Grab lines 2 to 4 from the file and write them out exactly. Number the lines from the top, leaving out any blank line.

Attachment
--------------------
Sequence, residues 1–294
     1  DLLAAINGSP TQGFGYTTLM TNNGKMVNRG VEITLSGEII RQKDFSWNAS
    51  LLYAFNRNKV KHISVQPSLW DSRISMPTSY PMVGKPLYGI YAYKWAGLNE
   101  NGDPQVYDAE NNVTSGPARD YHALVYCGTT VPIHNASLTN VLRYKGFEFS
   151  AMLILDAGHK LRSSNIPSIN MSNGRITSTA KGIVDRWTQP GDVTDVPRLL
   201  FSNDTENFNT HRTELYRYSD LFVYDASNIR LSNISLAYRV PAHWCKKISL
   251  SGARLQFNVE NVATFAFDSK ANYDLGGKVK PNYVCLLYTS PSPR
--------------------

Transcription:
     1  DLLAAINGSP TQGFGYTTLM TNNGKMVNRG VEITLSGEII RQKDFSWNAS
    51  LLYAFNRNKV KHISVQPSLW DSRISMPTSY PMVGKPLYGI YAYKWAGLNE
   101  NGDPQVYDAE NNVTSGPARD YHALVYCGTT VPIHNASLTN VLRYKGFEFS